Victory at Valderrama

Article: Garcia gets first win since Masters at Valderrama

Getty Images

Newsmakers of the Year: Top 10 in 2017

By Golf Channel DigitalDecember 12, 2017, 12:30 pm
Getty Images

Montana parents can't watch kids play high school golf

By Grill Room TeamDecember 11, 2017, 9:47 pm

Well, this is a one new one.

According to a report from KTVQ in Montana, this line in the Montana State High School Association rule book all but forbids spectators from observing high school golf in that state:

“No spectators/fans are allowed on the course except for certain locations as designated by the tournament manager and club professional.”

Part of the issue, according to the report, is that most courses don't bother to designate those "certain locations" leaving parents unable to watch their kids compete.

“If you tell a parent that they can’t watch their kid play in the Thanksgiving Day football game, they would riot,” Chris Kelley, a high school golf parent, told KTVQ.

The report lists illegal outside coaching as one of the rule's chief motivations, but Montana State women's golf coach Brittany Basye doesn't quite buy that.

“I can go to a softball game and I can sit right behind the pitcher. I can make hand signals,” she is quoted in the report. “I can yell out names. I can do the same thing on a softball field that might affect that kid. Football games we can yell as loud as we want when someone is making a pass or a catch.”

The MHSA has argued that unlike other sports that are played in a confined area, the sprawling nature of a golf course would make it difficult to hire enough marshals to keep unruly spectators in check.

Meanwhile, there's a lawyer quoted in the report claiming this is some kind of civil rights issue.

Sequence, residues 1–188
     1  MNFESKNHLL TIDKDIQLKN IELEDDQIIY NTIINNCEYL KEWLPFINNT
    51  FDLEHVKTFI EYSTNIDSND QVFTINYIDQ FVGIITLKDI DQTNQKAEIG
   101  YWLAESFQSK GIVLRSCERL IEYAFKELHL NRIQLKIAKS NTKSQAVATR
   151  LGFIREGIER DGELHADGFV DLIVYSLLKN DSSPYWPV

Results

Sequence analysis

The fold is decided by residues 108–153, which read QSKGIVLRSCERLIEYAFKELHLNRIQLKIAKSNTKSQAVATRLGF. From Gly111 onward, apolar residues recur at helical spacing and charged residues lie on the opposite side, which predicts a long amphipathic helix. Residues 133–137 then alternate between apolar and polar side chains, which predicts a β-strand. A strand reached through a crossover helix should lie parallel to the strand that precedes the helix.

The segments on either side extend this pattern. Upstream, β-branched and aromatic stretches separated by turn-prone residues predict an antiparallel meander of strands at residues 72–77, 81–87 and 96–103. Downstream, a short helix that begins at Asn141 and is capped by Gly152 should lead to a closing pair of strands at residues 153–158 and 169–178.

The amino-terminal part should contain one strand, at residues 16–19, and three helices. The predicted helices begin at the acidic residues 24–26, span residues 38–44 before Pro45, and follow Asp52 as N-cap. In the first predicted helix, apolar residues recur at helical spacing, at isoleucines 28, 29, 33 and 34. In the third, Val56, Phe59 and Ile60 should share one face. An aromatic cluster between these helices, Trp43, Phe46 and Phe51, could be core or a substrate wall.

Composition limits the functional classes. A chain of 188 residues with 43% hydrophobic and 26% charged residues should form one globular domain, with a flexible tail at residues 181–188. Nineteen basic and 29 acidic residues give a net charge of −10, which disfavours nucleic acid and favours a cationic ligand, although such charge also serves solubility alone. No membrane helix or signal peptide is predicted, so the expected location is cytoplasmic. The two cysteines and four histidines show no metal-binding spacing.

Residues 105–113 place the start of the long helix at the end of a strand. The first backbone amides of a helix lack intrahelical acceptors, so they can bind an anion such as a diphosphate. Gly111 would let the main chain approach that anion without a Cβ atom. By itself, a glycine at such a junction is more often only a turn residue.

Worth note, Montana is one of only two states that doesn't allow spectators on the course. The other state, Alaska, does not offer high school golf.

PGA Tour suspends Hensby for anti-doping violation

By Golf Channel DigitalDecember 11, 2017, 8:02 pm

Mark Hensby has been suspended for one year by the PGA Tour for violating the Tour’s anti-doping policy by failing to provide a sample after notification.

The Tour made the announcement Monday, reporting that Hensby will be eligible to return on Oct. 26, 2018.

The statement reads:

The PGA Tour announced today that Mark Hensby has violated the Tour Anti-Doping Policy for failing to provide a drug testing sample after notification and has been suspended for a period of one year. He will be eligible to return on Oct. 26, 2018.

Hensby, 46, won the John Deere Classic in 2004. He played the Web.com Tour this past year, playing just 14 events. He finished 142nd on the money list. He once ranked among the top 30 in the Official World Golf Ranking but ranks No. 1,623 today.

The Sunshine Tour recently suspended player Etienne Bond for one year for failing a drug test. Players previously suspended by the PGA Tour for violating the anti-doping policy include Scott Stallings and Doug Barron.

The PGA Tour implemented revisions to its anti-doping program with the start of the 2017-18 season. The revisions include blood testing and the supplementation of the Tour’s prohibited list to include all of the substances and methods on the World Anti-Doping Agency prohibited list. As part of this season’s revisions, the Tour announced it would also begin reporting suspensions due to recreational drug use.

The Tour said it would not issue further comment on Hensby's suspension.